Long-Chain Polyunsaturated Fatty Acids: For and Against

The following is a discussion on the Long Chain Polyunsaturated fatty acids, found in the human milk as well as in the milk supplements that feed young infants. Earlier on before these supplements came, infants, who were not breastfed by their mothers, could not survive. However, with the development of these food supplements, whose nutrition composition was almost similar to those of supplements meant that these children would survive. Nevertheless, there arose a controversy, how safe were these supplements, and how nutritious were they. This essay will indulge itself to look into the arguments orchestrated by these supplements and whether these supplements would be good if a company engages in the production of the Long Chain Polyunsaturated fatty acids or whether the production of those fats would be sustainable or not.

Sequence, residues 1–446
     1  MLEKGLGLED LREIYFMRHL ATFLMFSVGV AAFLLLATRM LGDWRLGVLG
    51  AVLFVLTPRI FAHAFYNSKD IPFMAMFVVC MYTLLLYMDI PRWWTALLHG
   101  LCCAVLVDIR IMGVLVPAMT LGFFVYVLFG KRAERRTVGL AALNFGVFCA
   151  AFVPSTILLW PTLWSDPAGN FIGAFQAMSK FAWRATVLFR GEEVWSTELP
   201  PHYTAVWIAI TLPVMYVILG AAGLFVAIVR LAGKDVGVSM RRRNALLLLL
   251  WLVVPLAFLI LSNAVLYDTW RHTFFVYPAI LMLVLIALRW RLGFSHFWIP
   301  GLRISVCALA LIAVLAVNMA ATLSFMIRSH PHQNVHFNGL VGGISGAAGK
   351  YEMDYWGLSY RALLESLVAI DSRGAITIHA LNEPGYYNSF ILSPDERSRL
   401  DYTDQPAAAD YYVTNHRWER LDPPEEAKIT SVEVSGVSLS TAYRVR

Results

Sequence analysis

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One of the concerns still unresolved concerning these supplements is on whether it is critical to have the Long Chain Poly Unsaturated Fatty acids as a part of the formula milk to improve the learning capabilities of these kids (Rubin 2002).

The following are the reason for or the reasons why the company should manufacture these long chain polyunsaturated fatty acids. The first reason is that they are nutritious. This is because the intention of these formulas is to nurture the life of the infant for the first two or three months. Though these LCP do have high level of fat, it is a well-known fact that infants require these fats for development of their bodies (ASCH 1995).

The formula milk is usually made from the animal milk especially the cow milk. However, the biocompatibility factor of the cow milk does not allow easy absorption of the fat contained in the cow milk (Anderson & Moat 1999). This challenge results in the children being fed with the formula milk to develop slower than infants fed in the human milk not because the human milk is more nutritious than the man made milk but because of the compatibility factor.